http://davynedial.blogspot.com/

  2. bsummers

    One item curiously omitted from the “history” presented by those seeking to wrench the water system from the City of Asheville: The Water Mediation Evaluation report done after the failed 2005 attempt to negotiate a solution between the City and the County:

    http://tinyurl.com/b9tfamf

    “The most difficult external barrier to a negotiated outcome came from the local legislative
    delegation. The existence of the proposed bills, Sullivan II and III, during the mediation
    profoundly changed the dynamics of the negotiations. The key issues of growth control and
    differential pricing suddenly became non-negotiable. This change in negotiation dynamics leads directly to the third hypothesis, that there was no viable bargaining range between the two parties.

    “In effect, the balance of power in the negotiation was tilted toward the county and the ZOPA (Zone of Possible Agreement) was reduced to the point that an agreement was highly unlikely.”

    They’re talking about the fact that the County (under Nathan’s leadership) came to the table with the proverbial “gun” to put to the City’s “head.” And then they were shocked, shocked that the City walked away from this bad faith negotiating tactic. That’s not me saying that, that’s the conclusion reached by outside mediation professionals with no dog in the fight. This has been the style of this “genial dairy farmer and attorney” as the XPress fawningly calls him, from the beginning.

    Speaking of XPress, as referred to in the article, reporter David Forbes and editor Margaret Williams were at the April 5th CIBO breakfast. Two things – first of all, Rep. Moffitt didn’t rush out because he “had a real job to do” – he stayed for 20 or 30 minutes after speaking, talking privately – just not on the record. Secondly, this is what he did say on the record – he downplayed the fact that the $200,000 MSD report shows that a merger will not save money, but it will actually cost money:

    “Neither you nor I have the gift of predicting the future. So studies are exactly what they are, numbers are exactly what they are.”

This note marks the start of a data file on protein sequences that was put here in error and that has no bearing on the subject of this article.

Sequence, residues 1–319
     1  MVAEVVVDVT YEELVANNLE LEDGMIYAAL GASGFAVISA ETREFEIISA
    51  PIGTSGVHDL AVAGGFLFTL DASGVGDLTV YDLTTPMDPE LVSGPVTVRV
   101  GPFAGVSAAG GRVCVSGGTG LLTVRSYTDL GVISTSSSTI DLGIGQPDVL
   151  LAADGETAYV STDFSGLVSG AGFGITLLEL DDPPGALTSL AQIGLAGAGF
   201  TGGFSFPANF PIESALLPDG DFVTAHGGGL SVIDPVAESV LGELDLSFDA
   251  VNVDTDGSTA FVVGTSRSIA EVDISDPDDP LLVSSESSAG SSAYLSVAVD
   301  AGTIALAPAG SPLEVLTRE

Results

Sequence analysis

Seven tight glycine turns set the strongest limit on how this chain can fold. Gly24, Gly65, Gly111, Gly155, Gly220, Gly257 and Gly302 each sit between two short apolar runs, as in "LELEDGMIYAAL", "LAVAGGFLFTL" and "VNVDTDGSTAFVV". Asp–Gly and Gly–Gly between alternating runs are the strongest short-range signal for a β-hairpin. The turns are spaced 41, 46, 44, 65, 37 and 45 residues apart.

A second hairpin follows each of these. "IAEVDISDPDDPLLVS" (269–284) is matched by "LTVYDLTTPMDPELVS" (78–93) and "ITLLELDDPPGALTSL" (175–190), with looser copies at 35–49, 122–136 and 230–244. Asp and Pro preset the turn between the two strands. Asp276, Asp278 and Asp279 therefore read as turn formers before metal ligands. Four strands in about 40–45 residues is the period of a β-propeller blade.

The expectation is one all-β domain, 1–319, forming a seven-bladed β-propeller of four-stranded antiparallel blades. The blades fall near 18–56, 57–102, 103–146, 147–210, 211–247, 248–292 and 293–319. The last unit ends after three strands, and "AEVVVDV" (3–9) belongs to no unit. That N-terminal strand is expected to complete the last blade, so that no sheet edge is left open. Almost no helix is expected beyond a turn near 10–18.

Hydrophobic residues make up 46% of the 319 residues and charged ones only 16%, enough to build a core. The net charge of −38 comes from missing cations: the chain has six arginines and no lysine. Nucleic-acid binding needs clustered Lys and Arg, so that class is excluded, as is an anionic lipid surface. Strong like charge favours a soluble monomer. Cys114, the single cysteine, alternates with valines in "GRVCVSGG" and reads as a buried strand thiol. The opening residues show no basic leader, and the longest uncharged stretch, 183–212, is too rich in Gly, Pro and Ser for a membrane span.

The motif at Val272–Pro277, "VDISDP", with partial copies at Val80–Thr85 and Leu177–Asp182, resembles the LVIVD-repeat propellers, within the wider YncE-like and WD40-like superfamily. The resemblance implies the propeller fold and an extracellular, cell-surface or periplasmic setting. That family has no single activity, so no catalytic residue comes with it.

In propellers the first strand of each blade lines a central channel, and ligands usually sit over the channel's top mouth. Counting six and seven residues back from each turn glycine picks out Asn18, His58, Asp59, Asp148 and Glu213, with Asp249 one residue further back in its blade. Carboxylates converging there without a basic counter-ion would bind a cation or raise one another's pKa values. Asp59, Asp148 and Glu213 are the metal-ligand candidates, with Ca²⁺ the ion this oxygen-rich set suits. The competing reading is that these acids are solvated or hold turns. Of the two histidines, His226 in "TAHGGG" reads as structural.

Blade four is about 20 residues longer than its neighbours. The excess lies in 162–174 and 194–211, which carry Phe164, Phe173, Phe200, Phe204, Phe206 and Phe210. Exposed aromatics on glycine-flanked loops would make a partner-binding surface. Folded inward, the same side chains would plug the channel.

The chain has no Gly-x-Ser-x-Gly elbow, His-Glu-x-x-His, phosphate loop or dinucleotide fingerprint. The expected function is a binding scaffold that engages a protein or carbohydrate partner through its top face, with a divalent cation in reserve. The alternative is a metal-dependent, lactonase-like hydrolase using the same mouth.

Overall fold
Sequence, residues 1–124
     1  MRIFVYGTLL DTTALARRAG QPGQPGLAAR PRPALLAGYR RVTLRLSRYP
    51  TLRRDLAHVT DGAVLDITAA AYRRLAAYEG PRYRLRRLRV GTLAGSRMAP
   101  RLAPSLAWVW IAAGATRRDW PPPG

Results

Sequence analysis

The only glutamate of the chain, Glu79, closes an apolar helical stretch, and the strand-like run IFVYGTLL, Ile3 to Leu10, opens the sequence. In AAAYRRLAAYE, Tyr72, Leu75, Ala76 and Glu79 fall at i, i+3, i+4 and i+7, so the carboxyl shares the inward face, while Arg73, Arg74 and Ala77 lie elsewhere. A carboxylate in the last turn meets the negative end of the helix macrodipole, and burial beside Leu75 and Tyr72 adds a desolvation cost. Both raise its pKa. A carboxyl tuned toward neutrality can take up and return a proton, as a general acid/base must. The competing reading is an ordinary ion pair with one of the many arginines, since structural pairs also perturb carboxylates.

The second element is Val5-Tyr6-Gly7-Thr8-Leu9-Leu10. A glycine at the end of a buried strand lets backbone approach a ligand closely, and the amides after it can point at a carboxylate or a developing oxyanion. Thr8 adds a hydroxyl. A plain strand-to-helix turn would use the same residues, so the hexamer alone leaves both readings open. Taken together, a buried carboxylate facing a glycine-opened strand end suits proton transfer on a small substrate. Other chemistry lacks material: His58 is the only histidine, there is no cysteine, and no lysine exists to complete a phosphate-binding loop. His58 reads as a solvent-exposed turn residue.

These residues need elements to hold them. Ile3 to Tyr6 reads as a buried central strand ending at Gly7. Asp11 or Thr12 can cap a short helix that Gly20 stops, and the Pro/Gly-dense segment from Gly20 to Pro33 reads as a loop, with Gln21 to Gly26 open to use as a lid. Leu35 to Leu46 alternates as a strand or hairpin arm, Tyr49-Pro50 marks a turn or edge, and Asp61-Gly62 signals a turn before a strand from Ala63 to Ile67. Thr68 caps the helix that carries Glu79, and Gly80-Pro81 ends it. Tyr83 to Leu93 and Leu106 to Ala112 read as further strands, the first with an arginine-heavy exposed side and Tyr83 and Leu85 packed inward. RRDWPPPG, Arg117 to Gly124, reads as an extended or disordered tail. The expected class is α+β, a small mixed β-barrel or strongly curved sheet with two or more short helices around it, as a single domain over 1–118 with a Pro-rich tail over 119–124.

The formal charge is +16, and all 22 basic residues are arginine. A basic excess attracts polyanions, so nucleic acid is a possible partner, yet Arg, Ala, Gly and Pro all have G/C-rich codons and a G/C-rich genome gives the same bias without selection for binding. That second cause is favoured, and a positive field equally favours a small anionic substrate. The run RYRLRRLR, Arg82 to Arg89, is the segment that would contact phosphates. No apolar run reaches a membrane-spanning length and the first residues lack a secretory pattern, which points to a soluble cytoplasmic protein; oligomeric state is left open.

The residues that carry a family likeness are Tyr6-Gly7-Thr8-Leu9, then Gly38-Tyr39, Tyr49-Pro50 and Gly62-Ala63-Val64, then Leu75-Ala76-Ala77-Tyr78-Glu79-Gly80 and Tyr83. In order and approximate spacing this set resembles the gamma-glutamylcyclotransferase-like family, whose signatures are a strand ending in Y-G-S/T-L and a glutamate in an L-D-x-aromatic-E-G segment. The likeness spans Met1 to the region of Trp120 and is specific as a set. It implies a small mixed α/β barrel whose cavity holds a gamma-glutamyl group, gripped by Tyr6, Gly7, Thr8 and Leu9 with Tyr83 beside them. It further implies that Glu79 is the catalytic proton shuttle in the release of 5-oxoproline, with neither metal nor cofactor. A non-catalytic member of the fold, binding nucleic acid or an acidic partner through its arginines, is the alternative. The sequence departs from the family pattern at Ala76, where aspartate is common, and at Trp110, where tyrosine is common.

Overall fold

http://tinyurl.com/bx6xwyt

    Huh? Why pay $200,000 of ratepayer money for a study if you’re going to ignore the results, or mock them for trying to “predict the future”? It was a priceless moment, seeing the faces at that CIBO breakfast (a friendly crowd for Moffitt & Ramsey) react to that statement. Eyebrows were raised, is the way I would put it.

    But XPress chose not to report that Rep. Moffitt casually dismissed the results of the MSD study. Curious.

    • ScottJ

      Hey Barry- Two questions. Do you have a link for that MSD report (is it on your SaveOurWater site and I’m just blind?)? Second, do you believe this Bill violates Article 2, 24 (1a) “sanitation”? That’s an interesting word/term. I’ll have to dig and see how the NC Courts have interpreted it; if they have included water systems in the past. Thanks.

    • bsummers

      Scott

      http://www.msdbc.org/documents/waterstudy/final/FinalMergerStudy032013.pdf

      And yes, I do believe that H488 violates the NC State Constitution. Mind you, it was first suggested that it did by none other than Speaker Pro Tem Paul “Skip” Stam (R. Wake County), in the House Finance Committee. None of the amendments since then have addressed that unconstitutionality, and Rep. Moffitt is clearly worried about it, if you listen to the way he answered questions in the Senate Finance Comm. yesterday.

      Here’s my take on how it went down in the House, from listening to the audio & talking to people who were there:

      http://tinyurl.com/aou93jg

  3. Meiling Dai

    H769 Zoning/limit Manufactured Home Restrictions was sponsored by Rep. Nathan Ramsey and other lawmakers. It removes zoning restrictions for manufactured homes on individual lots. Currently, a person may own an individual lot and want to put a manufactured home on it for a “loved one” but is prevented from doing so because of zoning.
    H769 will change that by striking down zoning restrictions for manufactured homes.